Everything depends on the type of amyloidosis
Type de l'Amylose
Hereditary TTR Amyloidosis
For more than a decade, the treatment for hereditary TTR amyloidosis has been liver transplantation which stops the liver from producing the mutated transthyretin, thereby stabilising the disease’s progression, particularly the neurological effects. In some cases, specialist heart and liver teams will consider doing a double heart-liver transplant.
Liver transplantation used to be the only therapeutic treatment for hereditary amyloidosis. It works by preventing the production of abnormal transthyretin. Now, new medications are in development and becoming more accessible. These medications aim to inhibit the development of amyloid deposits by making the transthyretin tetramers more stable. One of these treatments, Vyndaquel (Tafamidis), received market authorisation from the European Medicines Agency (EMA) in November 2011. It is currently only available in hospital pharmacies and must be prescribed by a neurologist affiliated with a specialist centre. It is aimed at patients who are able to walk without aid and have a known amyloid neuropathy.
Other approaches to treatment, such as gene therapy, are being tested and developed at the moment, notably at Henri Mondor Hospital.
ISIS-TTRrx is used to treat hereditary amyloidosis which causes neurological damage. This compound inhibits the production of transthyretin.
Tafamidis is used to treat hereditary and senile amyloidosis which damages the heart. This compound stabilises the transthyretin tetramers.
Treating AL amyloidosis often involves chemotherapy in order to reduce or indeed suppress the plasma cells which produce the immunoglobulins responsible for amyloid deposition. The effectiveness of this treatment is tracked by measuring the immunoglobulin light chains and the normalisation of cardiac biomarkers (BNP, NTproBNP and troponin).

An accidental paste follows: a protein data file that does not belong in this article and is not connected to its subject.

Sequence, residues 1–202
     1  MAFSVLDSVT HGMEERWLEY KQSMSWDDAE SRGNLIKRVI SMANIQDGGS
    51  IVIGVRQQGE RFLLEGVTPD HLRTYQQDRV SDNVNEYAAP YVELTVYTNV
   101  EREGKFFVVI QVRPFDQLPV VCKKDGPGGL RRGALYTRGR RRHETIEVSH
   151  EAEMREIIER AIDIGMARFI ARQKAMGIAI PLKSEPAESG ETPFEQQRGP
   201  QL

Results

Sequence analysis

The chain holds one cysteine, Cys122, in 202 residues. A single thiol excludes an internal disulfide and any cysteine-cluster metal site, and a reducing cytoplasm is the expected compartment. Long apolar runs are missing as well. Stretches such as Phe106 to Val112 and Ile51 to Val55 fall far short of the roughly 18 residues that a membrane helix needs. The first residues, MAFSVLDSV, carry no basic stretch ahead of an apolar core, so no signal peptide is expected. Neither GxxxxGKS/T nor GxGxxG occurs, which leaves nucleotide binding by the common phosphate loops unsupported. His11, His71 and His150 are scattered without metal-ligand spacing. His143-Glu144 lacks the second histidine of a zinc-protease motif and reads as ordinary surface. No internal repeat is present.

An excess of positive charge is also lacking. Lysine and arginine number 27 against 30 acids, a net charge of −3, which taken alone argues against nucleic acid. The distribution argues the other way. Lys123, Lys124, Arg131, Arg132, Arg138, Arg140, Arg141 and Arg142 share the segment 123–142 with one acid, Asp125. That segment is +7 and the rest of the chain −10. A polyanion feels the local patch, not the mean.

Diagnosing senile amyloidosis is often a process of elimination for patients that have heart failure and cardiac hypertrophy. Senile amyloidosis can only be conclusively diagnosed if the myocardial biopsy detects transthyretin amyloid deposits. However, performing a myocardial biopsy on older patients presents an ethical dilemma due to the potential complications (myocardial perforation, lesions in the tricuspid valve). Histological proof of amyloid deposits in senile systemic amyloidosis can be obtained through biopsies of non-cardiac tissue (salivary glands, carpal tunnels, rectum, abdominal fat, etc.) and subcutaneous fat. However, non-cardiac biopsies are less effective at detecting senile systemic amyloidosis than other types of amyloidosis, so a negative result does not eliminate the possibility of senile systemic amyloidosis. Forms of senile amyloidosis can also be localised in the previously mentioned tissues without affecting the heart. However, this does not mean that the heart will not be affected some years later. Patients that have negative biopsies for transthyretin amyloidosis at the time of their carpal tunnel surgery, can still develop a cardiopathy years later. In fact, it is often the case that patients with a history of carpal tunnel treatment are found to have senile systemic amyloidosis 4 or 5 years later. Below is the diagnostic approach for a patient suspected of having cardiac amyloidosis.
This is the diagnostic strategy for suspected cardiac amyloidosis. The MRI can be carried out if the patient has a pacemaker, but an arrhythmia specialist will have to either switch it off or regulate it and then check it after the examination. Implanting patients with pacemakers which are compatible with MRIs makes it easier to evaluate a cardiopathy in this way.